06-08-2012 11:42 AM
Ok, here is my scenario.
I guess you can say I am fairly new with Aruba and its abilities, but I am stuck at an impass here. I have a 135AP at one of our remote locations. It is behind a Juniper SSG5 firewall. Now from what I understand in my readings, NAT-T needs to be enabled on that firewall for the AP to be able to see the controller. (correct me if I am wrong)
This has been enabled in my policy but I am still unbale to see this AP from my main controller. I can also see where the Juniper device is issuing the AP a DHCP ip address so I know it is being recognized.
Like I said I am a novice at all of this, but is there a way I can allow the AP to see my controller so that I can provision it?
Thanks for any and all responses.........
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06-08-2012 11:47 AM
The AP will draw a DHCP address and the try to resolve "aruba-master" to contact the controller (assuming you are talking about a standard Campus AP (CAP)). You could also send DHCP option 43 & 60 from the Juniper FW to the AP. That would cause the AP to look for the controller at the IP address specified by option 43. Option 60 should be "aruba-ap". Another way to "fix" this is to hard set the controllers IP address from the console of the AP (using a setenv command).
If this AP has already been provisioned as a Remote AP (RAP), you should see it on the controller. NAT-T is all that is needed.
06-08-2012 01:41 PM
Olino.... thank you very much for your response.
I have tried DHCP option 43 & 60 from the Juniper FW to the AP but I am still unable to see the AP from the controller. Keeping in mind this AP has never been provisioned before. I need to find a way around this issue or a way to work with it because most of our remote locations come back through Juniper FW's back to our corporate LAN.
I am attempting this fix remotely but I will have access the physical AP sometime this weekend so I will attempt to hard set the configurations into the AP and see where things go from there.
Any advice for me before I try this option?
06-08-2012 02:49 PM
Are the APs on your private WAN?
If the Juniper Firewall is standing between your APs and the controller, these ports need to be permitted:
Product and Software: This article applies to all Aruba controllers and ArubaOS versions.
When there is a firewall in the path, the following protocols and ports should be opened up between the AP and the Aruba WLAN Switch:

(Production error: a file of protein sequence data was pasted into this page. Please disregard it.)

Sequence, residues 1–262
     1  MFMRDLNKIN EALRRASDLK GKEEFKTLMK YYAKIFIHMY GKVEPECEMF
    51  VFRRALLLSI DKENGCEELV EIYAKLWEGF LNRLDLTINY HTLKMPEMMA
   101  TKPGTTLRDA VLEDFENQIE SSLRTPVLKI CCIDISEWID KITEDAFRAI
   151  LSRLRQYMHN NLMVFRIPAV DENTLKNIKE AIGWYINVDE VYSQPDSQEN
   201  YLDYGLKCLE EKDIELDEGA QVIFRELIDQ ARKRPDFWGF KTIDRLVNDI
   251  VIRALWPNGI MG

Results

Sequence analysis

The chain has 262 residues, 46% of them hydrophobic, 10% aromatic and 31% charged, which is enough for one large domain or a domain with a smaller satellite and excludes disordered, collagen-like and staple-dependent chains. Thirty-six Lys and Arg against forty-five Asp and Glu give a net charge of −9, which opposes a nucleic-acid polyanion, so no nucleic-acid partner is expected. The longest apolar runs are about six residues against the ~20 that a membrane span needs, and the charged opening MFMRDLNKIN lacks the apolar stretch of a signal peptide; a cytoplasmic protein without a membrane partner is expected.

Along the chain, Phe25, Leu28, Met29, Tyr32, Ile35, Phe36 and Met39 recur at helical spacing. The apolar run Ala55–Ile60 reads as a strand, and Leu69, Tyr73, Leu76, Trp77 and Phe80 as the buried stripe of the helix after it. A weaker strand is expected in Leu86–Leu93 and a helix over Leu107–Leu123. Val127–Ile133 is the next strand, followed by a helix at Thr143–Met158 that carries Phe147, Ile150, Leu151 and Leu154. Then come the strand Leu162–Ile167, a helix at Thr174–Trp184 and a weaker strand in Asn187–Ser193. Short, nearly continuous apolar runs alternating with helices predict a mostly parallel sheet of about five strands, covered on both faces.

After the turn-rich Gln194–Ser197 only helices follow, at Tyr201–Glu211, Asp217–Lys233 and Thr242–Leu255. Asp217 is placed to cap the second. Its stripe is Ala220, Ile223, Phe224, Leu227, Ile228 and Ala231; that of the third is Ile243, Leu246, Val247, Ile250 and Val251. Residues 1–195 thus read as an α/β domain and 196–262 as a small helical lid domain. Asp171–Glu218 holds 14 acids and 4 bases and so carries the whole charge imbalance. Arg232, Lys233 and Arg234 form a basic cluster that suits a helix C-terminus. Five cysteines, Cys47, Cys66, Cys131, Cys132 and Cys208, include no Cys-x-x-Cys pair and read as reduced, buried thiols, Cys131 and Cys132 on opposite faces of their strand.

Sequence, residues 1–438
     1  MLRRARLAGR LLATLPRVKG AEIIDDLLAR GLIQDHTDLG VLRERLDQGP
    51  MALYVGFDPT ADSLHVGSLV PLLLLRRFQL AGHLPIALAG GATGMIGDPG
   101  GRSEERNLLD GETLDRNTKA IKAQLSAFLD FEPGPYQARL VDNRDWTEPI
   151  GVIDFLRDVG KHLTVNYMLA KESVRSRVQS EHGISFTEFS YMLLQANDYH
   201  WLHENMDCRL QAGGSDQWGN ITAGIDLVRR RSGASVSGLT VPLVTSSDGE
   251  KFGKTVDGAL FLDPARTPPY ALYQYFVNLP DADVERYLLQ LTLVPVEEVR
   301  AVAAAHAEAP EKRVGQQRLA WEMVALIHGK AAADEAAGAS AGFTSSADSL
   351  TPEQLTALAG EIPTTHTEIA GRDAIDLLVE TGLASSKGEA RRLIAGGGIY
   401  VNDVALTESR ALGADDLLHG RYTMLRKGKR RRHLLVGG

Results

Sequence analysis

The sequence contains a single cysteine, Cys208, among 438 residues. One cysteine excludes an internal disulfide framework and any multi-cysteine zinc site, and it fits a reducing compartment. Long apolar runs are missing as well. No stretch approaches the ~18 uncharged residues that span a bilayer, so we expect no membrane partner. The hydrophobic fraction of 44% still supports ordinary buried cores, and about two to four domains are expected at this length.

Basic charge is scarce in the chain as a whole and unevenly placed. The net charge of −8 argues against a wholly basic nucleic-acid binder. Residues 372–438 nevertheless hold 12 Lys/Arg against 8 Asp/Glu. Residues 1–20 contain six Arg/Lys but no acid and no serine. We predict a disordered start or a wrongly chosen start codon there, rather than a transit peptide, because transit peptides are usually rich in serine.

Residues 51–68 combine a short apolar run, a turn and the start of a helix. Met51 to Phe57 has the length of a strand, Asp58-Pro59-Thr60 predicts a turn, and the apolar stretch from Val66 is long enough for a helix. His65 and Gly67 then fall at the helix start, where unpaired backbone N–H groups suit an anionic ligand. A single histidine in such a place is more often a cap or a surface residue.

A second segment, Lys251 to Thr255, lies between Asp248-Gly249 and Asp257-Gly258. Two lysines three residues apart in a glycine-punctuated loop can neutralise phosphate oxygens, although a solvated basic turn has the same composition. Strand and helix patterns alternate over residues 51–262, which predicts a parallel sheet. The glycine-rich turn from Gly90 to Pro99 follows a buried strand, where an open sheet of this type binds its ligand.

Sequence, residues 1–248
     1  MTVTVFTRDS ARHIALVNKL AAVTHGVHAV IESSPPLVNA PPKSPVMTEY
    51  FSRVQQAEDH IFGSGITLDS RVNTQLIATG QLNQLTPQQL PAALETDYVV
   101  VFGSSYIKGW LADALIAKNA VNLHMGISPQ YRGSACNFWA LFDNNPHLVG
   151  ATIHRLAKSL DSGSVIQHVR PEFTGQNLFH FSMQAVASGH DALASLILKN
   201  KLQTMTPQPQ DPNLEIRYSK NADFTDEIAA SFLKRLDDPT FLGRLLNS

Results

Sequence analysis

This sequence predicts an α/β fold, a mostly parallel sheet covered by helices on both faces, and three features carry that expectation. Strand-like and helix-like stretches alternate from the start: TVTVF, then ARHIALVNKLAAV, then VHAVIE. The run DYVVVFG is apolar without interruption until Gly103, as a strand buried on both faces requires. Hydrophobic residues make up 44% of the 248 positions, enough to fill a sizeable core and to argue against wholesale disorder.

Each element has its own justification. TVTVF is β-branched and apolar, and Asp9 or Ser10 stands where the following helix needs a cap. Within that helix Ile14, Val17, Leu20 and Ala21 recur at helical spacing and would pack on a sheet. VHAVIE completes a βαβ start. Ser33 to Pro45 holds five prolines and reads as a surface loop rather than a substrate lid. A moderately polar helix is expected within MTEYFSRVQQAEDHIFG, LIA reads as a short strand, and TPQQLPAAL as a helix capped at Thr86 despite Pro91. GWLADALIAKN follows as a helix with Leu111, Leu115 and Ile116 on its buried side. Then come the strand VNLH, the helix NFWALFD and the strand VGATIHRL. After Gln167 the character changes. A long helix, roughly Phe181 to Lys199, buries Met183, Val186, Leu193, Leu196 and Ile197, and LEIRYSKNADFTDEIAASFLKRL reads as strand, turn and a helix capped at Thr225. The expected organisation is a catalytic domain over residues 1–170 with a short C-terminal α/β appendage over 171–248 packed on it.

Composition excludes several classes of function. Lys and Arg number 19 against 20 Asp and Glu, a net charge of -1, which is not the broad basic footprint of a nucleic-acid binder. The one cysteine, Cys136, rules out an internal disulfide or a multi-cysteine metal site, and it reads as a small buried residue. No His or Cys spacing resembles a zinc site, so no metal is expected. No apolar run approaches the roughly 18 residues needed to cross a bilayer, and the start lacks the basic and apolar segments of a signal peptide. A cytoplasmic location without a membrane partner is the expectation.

- DHCP (UDP 67 & 68)
- FTP(TCP 21 & 22)
- TFTP (UDP port 69)
- NTP (UDP port 123)
- SYSLOG (UDP port 514)
- PAPI (UDP port 8211)
- GRE (protocol 47)
For Remote AP, the following are required:
- TFTP (UDP 69) - when the AP has corrupted image
- NATT (UDP 4500)
After the RAP IPSec connection is formed, all PAPI/GRE are tunneled through this IPSec nat-t session.
The following ports are optional for AP to a specific application server or network management station:
- Remote packet capture with Ethereal/WireShark (UDP 5555-5560)
- Remote packet capture with AiroPeek (UDP 5000)
- AirMagnet Enterprise analyzer (UDP 2500-2501)
- SNMP (UDP 161 & 162)
If there are firewalls between the controllers, the following ports should be opened between the controllers:
- IKE (UDP 500) - 3.x and later
- ESP (protocol 50) - 3.x and later
- NATT (UDP 4500) - 3.x and later
- PAPI (UDP & TCP port 8211)
- IP-IP (protocol 94) - For IP mobility between master-local and local-local
The following ports are for communication between MMS and controllers:
- SNMP (UDP 161 and 162)
- PAPI (TCP 8211)
- HTTPS (TCP 443) - For controller to pull configuration from MMS
Aruba Customer Engineering
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06-08-2012 03:47 PM
As Colin said, you have to have those ports open between the AP and the controller.
When the AP gets the IP address of your controller, can the Juniper FW reach that IP? Is it a public address that lives on your DMZ or a private address? Does your FW have a tunnel back to your corprate network or is this all connected via a WAN (not the Internet)?
If this is over the Internet, you should provision the AP as a RAP.
06-12-2012 02:13 PM
Olino & CJoseph
Thank you both very much for the information sent. I mimicked the setup in my home lab and found that the configurations to allow traffic to see my controller were not taking the FW back at the office. So in essence, both your inputs really paid off here. Now I know I can go ahead with deployment accross the company without major issues stopping me from configuring my Wifi.
Once again, thank you both. You have saved me some major headache.